The town of Standish was founded within the territory of the Ossipee and Pequawket, two branches of the Sokokis tribe of the Abenaki people, who jointly inhabited the Saco River area. In 1750, the land was granted by Britain to captains Humphrey Hobbs and Moses Pearson, for military services to the crown, and was initially known as Pearson and Hobbs Town, and later Pearsontown Plantation. The town was settled approximately ten years later, from 1760, and officially incorporated as Standish, in honor of Captain Myles Standish of Plymouth, on November 30, 1785.
The first religious organization in the town was formed in May of 1769 with only seven members, under the patronage of the original proprietors of the land. A meeting house was built on the site of the old fort at Standish Corner. Rev. John Tompson, ordained at Portland, Oct. 25, 1768, was settled as the first pastor. He was followed by Rev. Jonathan Gould (ordained Sept. 16, 1793), who served until his death in 1795. He was succeeded by Rev. Daniel Marrett who also died in office at Standish after serving for 33 years. Rev. Thomas Tenny was ordained in 1820, and remained in office until 1829.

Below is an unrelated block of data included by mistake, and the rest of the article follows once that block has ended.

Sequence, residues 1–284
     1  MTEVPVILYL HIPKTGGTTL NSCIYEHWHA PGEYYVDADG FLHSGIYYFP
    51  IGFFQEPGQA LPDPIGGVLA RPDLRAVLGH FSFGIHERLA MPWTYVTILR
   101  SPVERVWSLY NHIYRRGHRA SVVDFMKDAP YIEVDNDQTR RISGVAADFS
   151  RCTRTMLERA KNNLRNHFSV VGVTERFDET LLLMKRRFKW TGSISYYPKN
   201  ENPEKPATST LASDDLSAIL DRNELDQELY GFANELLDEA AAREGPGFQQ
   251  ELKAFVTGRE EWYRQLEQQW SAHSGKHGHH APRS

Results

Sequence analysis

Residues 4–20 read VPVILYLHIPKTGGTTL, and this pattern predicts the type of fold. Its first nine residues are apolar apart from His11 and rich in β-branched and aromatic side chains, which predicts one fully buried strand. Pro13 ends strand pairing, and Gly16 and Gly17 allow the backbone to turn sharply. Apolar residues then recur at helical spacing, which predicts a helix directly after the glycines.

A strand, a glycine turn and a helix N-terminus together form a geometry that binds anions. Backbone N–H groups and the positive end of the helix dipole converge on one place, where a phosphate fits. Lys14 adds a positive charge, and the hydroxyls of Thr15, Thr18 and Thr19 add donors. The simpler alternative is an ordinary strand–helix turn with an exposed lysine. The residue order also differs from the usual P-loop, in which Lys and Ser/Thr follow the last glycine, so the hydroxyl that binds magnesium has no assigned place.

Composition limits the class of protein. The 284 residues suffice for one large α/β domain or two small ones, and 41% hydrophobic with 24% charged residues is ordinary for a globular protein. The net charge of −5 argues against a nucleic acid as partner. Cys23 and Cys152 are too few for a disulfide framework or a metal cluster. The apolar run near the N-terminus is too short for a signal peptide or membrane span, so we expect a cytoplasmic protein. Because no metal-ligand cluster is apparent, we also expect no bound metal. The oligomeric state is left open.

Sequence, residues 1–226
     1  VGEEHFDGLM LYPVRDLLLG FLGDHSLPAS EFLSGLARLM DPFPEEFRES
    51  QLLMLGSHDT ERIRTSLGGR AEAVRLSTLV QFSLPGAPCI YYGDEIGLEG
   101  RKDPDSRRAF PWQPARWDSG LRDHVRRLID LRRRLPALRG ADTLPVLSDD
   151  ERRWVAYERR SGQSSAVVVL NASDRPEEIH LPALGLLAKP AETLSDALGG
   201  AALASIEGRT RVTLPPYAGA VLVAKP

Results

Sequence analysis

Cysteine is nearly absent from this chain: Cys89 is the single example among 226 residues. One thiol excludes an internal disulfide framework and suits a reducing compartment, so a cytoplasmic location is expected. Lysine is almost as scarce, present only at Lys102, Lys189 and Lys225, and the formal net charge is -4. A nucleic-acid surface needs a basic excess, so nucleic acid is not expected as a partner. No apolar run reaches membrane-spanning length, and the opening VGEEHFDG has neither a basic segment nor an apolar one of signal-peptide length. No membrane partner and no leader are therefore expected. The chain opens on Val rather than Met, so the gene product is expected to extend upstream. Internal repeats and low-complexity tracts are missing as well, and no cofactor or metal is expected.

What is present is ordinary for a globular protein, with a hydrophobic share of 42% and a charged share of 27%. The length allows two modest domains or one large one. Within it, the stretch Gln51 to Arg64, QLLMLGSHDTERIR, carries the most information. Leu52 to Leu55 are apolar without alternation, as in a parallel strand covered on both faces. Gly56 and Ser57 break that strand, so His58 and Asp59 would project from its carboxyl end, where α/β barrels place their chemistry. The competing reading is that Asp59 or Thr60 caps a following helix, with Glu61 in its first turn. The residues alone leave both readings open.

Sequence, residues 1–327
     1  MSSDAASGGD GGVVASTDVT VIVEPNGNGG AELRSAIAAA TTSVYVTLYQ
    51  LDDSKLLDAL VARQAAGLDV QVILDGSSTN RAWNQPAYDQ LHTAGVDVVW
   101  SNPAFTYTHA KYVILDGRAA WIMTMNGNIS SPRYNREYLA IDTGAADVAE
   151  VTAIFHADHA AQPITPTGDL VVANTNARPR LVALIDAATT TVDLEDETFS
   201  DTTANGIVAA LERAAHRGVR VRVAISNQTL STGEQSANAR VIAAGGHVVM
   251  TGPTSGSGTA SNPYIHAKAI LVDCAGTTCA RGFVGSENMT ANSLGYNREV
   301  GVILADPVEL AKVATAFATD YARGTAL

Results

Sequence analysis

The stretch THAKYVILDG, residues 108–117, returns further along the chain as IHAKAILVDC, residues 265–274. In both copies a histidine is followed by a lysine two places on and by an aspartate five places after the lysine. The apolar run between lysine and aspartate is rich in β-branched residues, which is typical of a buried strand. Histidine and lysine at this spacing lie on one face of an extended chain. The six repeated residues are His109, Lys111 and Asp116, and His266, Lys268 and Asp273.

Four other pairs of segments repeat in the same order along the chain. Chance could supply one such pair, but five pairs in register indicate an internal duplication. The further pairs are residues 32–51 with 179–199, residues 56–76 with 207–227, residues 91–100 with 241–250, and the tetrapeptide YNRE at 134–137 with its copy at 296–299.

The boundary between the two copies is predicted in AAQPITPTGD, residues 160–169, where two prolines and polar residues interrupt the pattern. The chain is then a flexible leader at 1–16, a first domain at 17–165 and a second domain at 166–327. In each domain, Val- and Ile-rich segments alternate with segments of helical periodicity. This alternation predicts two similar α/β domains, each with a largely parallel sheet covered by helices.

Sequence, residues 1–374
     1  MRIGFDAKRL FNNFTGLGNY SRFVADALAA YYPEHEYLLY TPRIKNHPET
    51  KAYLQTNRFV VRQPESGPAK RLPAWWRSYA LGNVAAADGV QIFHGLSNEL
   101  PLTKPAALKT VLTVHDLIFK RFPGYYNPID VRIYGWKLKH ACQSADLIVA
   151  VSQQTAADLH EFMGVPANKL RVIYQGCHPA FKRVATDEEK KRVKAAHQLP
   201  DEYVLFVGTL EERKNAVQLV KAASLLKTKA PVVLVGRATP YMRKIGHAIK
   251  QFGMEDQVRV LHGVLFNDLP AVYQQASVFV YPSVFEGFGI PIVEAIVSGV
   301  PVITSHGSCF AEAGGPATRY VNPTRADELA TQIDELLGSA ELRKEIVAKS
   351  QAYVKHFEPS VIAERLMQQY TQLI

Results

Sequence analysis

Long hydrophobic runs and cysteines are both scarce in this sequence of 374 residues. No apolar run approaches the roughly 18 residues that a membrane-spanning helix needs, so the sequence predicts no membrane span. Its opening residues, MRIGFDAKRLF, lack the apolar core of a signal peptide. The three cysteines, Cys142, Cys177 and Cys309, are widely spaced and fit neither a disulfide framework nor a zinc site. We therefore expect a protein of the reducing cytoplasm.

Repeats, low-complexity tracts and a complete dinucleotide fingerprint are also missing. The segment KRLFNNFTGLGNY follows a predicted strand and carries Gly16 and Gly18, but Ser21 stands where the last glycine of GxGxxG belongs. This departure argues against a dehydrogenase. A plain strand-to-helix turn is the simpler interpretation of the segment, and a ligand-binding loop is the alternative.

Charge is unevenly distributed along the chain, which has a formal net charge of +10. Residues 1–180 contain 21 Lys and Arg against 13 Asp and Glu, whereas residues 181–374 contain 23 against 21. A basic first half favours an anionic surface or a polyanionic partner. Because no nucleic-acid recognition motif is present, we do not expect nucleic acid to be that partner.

The church's meeting house was damaged beyond repair by an intoxicated group of soldiers prior to 1805. A new church building, known as the "Old Red Church" was built in 1805 on land donated by the Rev. Daniel Marrett. In 1834 a schism formed between Unitarian and orthodox parties within the congregation, resulting in the creation of a Unitarian church and an "Evangelical Congregationalist" church. The Unitarian congregation retained the Old Red Church building while the Evangelical Congregational church removed to a new meeting house.
The church is still active today as the Standish Congregational Church and is a member of the United Church of Christ.
Materials in this collection have been digitized in partnership with the Maine Historical Society and have been made available through our New England's Hidden Histories project.